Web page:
APPENDIX C

Committee to Review the Health Effects in Vietnam Veterans of Exposure to Herbicides (Fourth Biennial Update)

Irva Hertz-Picciotto, PhD (Chair), is professor in the Department of Epidemiology, School of Public Health, at the University of North Carolina, Chapel Hill. She is also associate professor in the Department of Epidemiology and Preventive Medicine at the University of California, Davis. She has published extensively on risk assessment, occupational-related cancer, environmental exposure, reproductive outcomes, and methods for epidemiologic data analysis. Dr. Hertz-Picciotto serves on several editorial boards and is president of the International Society for Environmental Epidemiology. She was recently a delegate to the US– Vietnam Scientific Conference on the Environmental and Health Effects of the Vietnam War sponsored by National Institute of Environmental Health Sciences. Dr. Hertz-Picciotto also served as chair of the Committee to Review the Health Effects in Vietnam Veterans of Exposure to Herbicides (Third Biennial Update).

Kiros T. Berhane, PhD, is an assistant professor in the Department of Preventive Medicine at the University of Southern California, Los Angeles. He has conducted research on longitudinal time-series analysis, flexible-modeling techniques, modeling time-to-event data, and latency. Dr. Berhane received his PhD in biostatistics from the University of Toronto (Canada) and completed a post-doctoral fellowship in biostatistics at Johns Hopkins University (1994–1995). He is also currently serving as a member on a scientific advisory panel for an air pollution study under the auspices of the Western Interprovincial Scientific Studies Association (WISSA) in Canada.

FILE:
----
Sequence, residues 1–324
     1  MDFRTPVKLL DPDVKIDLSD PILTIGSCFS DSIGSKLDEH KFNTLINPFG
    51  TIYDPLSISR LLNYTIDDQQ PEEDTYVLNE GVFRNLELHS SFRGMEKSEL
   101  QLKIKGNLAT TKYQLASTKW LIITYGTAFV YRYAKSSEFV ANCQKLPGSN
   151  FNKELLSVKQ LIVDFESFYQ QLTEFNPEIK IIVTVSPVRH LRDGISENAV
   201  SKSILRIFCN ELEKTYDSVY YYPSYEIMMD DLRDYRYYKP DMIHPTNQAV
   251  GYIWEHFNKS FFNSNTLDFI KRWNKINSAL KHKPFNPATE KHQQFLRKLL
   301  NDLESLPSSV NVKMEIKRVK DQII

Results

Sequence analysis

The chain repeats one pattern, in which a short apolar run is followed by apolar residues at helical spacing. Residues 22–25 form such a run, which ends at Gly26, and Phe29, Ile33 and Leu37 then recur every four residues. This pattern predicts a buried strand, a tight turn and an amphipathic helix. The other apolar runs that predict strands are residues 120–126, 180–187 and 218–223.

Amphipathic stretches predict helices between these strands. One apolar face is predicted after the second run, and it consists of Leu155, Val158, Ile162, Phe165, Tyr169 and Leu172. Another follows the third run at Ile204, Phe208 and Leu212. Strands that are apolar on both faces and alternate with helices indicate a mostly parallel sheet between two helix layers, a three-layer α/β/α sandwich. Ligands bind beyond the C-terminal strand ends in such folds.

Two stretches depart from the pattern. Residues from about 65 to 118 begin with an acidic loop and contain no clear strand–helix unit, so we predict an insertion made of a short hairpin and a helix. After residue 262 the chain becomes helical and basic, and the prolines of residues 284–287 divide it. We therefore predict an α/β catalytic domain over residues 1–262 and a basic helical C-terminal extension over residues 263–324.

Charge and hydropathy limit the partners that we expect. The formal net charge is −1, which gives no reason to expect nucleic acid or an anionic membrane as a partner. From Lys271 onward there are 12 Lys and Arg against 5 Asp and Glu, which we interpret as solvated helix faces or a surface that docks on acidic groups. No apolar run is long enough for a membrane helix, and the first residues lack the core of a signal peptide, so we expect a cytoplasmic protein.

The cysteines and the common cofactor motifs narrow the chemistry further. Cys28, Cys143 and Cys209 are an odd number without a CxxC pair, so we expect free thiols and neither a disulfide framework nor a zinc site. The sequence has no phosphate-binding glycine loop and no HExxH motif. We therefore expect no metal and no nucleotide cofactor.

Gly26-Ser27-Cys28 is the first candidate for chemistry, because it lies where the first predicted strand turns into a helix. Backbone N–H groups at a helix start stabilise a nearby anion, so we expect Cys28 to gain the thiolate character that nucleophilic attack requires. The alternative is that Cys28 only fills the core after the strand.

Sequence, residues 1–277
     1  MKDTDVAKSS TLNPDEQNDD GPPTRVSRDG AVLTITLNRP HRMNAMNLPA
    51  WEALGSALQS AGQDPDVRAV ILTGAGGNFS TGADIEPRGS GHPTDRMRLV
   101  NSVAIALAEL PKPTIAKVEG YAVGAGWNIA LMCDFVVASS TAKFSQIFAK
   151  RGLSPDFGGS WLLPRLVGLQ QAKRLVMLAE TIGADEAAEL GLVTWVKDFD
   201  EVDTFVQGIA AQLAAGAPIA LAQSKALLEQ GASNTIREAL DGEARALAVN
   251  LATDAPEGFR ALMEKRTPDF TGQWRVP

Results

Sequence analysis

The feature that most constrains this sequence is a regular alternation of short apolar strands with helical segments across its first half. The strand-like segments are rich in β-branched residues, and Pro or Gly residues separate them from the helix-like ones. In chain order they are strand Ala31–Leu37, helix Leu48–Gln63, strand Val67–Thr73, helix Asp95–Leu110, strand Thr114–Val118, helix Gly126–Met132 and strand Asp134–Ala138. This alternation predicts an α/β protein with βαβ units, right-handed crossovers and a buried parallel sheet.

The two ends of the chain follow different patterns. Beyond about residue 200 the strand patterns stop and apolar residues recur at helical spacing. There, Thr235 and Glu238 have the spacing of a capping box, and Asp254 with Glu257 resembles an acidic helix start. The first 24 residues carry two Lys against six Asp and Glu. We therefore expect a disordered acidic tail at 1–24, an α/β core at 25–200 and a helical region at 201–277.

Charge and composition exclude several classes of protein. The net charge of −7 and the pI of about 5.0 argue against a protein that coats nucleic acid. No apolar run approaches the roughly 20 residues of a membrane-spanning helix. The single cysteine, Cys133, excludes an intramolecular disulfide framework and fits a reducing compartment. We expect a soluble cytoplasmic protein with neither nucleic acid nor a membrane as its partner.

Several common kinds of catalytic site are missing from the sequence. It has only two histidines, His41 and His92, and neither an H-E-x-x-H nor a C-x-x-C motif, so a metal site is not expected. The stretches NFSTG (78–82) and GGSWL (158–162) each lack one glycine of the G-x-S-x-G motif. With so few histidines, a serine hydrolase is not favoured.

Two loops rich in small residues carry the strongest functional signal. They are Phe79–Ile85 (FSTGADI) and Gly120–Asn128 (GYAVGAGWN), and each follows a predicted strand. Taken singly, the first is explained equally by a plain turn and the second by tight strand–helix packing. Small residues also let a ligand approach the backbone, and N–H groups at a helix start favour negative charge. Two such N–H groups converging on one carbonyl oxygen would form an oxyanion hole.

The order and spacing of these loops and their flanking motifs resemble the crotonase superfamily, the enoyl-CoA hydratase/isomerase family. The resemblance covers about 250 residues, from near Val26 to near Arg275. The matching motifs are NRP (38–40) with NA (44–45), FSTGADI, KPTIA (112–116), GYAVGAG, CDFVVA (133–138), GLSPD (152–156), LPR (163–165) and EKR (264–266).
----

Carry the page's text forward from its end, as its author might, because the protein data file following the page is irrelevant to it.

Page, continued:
Margit L. Bleecker, MD, PhD, is director of the Center for Occupational and Environmental Neurology in Baltimore. Her research interests are in clinical



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Veterans and Agent Orange: Update 2002 APPENDIX C Committee to Review the Health Effects in Vietnam Veterans of Exposure to Herbicides (Fourth Biennial Update) Irva Hertz-Picciotto, PhD (Chair), is professor in the Department of Epidemiology, School of Public Health, at the University of North Carolina, Chapel Hill. She is also associate professor in the Department of Epidemiology and Preventive Medicine at the University of California, Davis. She has published extensively on risk assessment, occupational-related cancer, environmental exposure, reproductive outcomes, and methods for epidemiologic data analysis. Dr. Hertz-Picciotto serves on several editorial boards and is president of the International Society for Environmental Epidemiology. She was recently a delegate to the US– Vietnam Scientific Conference on the Environmental and Health Effects of the Vietnam War sponsored by National Institute of Environmental Health Sciences. Dr. Hertz-Picciotto also served as chair of the Committee to Review the Health Effects in Vietnam Veterans of Exposure to Herbicides (Third Biennial Update). Kiros T. Berhane, PhD, is an assistant professor in the Department of Preventive Medicine at the University of Southern California, Los Angeles. He has conducted research on longitudinal time-series analysis, flexible-modeling techniques, modeling time-to-event data, and latency. Dr. Berhane received his PhD in biostatistics from the University of Toronto (Canada) and completed a post-doctoral fellowship in biostatistics at Johns Hopkins University (1994–1995). He is also currently serving as a member on a scientific advisory panel for an air pollution study under the auspices of the Western Interprovincial Scientific Studies Association (WISSA) in Canada. Margit L. Bleecker, MD, PhD, is director of the Center for Occupational and Environmental Neurology in Baltimore. Her research interests are in clinical